Despite this, Walker graduated high school and went on to become a teacher for three years. At the same time, she followed in her mother’s footsteps as an active participant of the Independent Order of St. Luke (IOSL), a fraternal burial society that administered to the sick and aged, promoted humanitarian causes, and encouraged individual self-help and integrity. Walker lived these principles, and her dedication to the IOSL eventually earned her the highest position of Grand Secretary in 1899. By then, however, the organization was on the verge of bankruptcy.
Nothing stopped her. In an attempt to bolster the organization, she quickly acted on a vision to create businesses that hired and served members of the Black community, encouraging her community to put their money where people valued them, towards people who shared their struggle. Under her leadership, the IOSL opened a department store, created a newspaper, and - most importantly - founded The St. Luke Penny Savings Bank (St. Luke Bank).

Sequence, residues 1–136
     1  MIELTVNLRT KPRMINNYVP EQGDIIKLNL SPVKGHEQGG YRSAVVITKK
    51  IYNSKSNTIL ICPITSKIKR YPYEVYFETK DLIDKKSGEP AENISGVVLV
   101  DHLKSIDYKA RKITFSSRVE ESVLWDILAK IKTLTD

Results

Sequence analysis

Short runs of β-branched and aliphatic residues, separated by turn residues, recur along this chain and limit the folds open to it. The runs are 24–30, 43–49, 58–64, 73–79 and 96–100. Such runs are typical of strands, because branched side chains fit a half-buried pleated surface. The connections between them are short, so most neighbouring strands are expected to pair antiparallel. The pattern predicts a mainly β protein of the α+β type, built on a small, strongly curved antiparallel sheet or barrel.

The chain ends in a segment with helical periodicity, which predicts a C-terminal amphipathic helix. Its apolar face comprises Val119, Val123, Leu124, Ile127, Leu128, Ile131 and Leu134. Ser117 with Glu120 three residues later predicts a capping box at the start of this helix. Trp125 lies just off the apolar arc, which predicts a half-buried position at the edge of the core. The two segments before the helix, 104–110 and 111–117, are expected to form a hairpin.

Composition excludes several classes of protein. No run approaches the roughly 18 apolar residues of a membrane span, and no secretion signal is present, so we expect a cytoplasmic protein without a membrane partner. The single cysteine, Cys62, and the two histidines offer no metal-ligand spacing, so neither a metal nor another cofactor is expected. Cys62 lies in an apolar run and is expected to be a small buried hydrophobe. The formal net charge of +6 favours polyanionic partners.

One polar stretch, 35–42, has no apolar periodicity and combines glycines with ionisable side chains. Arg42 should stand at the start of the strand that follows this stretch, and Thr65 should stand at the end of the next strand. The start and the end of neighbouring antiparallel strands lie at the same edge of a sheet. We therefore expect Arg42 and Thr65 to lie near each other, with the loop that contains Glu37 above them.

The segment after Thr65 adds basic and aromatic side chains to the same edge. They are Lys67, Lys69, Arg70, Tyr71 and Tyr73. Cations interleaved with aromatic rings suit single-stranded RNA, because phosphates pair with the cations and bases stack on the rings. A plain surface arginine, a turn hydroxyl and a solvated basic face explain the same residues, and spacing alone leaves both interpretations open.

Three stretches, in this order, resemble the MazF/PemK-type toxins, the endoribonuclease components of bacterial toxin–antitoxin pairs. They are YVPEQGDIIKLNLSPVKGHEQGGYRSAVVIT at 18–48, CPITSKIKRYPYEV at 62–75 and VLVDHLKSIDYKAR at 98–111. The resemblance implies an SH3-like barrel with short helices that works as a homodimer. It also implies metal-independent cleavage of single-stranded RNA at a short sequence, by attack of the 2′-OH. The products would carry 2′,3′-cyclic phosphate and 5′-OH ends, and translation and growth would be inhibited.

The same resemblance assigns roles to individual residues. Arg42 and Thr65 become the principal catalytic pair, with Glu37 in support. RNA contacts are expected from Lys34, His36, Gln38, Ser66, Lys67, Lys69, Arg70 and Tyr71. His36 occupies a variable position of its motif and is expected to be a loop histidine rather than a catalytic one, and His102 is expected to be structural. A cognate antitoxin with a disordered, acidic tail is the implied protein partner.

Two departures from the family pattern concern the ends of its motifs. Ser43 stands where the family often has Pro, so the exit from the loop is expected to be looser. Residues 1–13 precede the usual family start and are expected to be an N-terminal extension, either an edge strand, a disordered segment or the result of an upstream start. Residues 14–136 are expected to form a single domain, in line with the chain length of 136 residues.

“Let us put our moneys together and have a bank that will take the nickels and turn them into dollars,” she advocated. For the first time, local Black-owned businesses were given what they needed to grow and thrive.
In her tenure as Grand Secretary, Walker would grow the IOSL to over 100,000 members across 24 states.
At the turn of the century, Black Americans were completely excluded from the financial system. Married white women could not even have their own bank accounts until the 70s. The new President of her institution, Walker recognized that the majority of banks measured risk through the lens of race and gender, excluding the large population of people who not only wished to take out loans, but were also quite able to pay them back.